Fashola: We Must Rethink Use of Resources Taken for Granted

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By Bennett Oghifo
 

Nigerians have been urged to change the way they live and adapt to the reality of dwindling resources in the choices that they make daily.

Minister of Power Works and Housing, Babatunde Raji Fashola stated this in a keynote address, ‘Urban Design in the Age of Climate Change’; he delivered recently at the first Nigeria Urban Design Forum 2016.

According to Fashola, “The way we use land, the way we use electricity, the way we use petrol, the way we use water, the way we use transport facilities and the way we do many other things that we took for granted now demand a rethink and adaptation.”

He said the heart and soul of adaptation therefore was planning and conservation; “Waste not, want not; because what is wasted, whether water, whether fuel, whether land, will never be enough.”

The minister said his advice stemmed from the fact that “our planet has changed; and for it to serve us, we must adapt. The planet is our shield, our roof, our home and our floor. It will remain, but we will go. What we get out of it, while we are here, depends on what we are ready to give back to it.”

He said regardless of doubts expressed in the past, “the abundance of evidence has clearly demonstrated that not only is the threat of climate change real, its impact is already being felt and human beings are perhaps the most vulnerable.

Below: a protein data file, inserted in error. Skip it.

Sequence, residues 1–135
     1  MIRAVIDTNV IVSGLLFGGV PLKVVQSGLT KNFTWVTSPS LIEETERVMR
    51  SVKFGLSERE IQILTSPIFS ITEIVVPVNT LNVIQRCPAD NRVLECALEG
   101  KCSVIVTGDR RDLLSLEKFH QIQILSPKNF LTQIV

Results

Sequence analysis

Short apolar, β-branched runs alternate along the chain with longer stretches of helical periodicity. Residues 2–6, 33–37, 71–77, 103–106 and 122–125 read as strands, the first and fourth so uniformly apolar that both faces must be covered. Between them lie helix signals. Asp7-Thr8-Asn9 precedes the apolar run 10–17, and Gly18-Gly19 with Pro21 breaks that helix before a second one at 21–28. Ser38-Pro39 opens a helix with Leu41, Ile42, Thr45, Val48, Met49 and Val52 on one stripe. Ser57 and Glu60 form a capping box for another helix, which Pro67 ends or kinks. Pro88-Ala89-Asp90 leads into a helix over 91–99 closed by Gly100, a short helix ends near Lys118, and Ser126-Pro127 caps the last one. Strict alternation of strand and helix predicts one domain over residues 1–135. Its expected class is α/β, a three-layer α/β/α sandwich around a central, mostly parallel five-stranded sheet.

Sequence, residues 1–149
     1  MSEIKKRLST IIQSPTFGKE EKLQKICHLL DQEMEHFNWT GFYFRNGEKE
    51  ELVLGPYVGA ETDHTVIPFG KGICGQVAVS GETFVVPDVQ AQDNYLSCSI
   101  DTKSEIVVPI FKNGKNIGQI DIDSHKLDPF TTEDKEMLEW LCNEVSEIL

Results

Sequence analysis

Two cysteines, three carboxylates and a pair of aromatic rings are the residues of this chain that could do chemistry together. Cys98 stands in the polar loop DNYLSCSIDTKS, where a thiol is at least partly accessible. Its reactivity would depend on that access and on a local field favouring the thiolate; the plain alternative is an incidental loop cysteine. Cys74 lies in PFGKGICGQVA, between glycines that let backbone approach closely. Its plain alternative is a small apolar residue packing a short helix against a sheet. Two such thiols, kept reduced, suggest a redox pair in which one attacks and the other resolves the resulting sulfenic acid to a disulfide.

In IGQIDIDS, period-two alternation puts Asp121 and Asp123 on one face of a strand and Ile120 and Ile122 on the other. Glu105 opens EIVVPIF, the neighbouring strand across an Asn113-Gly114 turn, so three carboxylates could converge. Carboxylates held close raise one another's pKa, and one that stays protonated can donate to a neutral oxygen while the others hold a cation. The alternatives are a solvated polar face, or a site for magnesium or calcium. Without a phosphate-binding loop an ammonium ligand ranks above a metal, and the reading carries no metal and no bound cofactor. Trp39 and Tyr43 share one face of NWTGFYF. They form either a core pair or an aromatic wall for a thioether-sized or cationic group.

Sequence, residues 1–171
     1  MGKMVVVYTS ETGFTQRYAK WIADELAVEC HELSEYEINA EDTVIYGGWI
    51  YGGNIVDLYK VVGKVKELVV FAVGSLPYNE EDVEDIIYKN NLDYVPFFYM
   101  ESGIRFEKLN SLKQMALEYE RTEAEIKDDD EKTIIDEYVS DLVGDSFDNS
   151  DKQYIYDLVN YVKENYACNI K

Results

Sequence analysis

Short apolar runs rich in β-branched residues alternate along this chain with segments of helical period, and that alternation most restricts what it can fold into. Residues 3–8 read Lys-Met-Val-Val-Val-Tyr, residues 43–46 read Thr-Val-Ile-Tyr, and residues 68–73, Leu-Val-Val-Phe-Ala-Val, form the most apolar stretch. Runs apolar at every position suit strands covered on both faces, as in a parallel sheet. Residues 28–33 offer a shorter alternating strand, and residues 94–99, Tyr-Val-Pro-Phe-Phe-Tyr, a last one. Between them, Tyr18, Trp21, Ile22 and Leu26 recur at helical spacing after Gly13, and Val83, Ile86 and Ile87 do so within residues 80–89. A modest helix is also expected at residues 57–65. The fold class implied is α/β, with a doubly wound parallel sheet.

“From diminishing fresh water sources to desertification and loss of arable land to high water levels and flooding, survival induced conflict in the search for land, food, and water, higher cost-of-living arising from volatile rises and crashes in the cost of oil and hydrocarbons as sources of energy for fuel, heating, lighting and production of goods and services, the human civilisation faces a turbulent survival.”

He said the examples at home are many; “the erosion of Nigeria’s coastal waterfronts, loss of property and lives as a results of flooding, loss of grazing land as a result of desert encroachment, diminution of Lake Chad, silting of many rivers, requiring humongous capital outlay to re-dredge and maintain them to serve their sustenance purpose of transport and agriculture, clashes between herdsman and communities, power outages, high cost of fuel, electricity and drinking water, etc.”

He listed the global remedies for the survival of the human civilisation as mitigation and adaptation, adding “In essence, the damage has been done.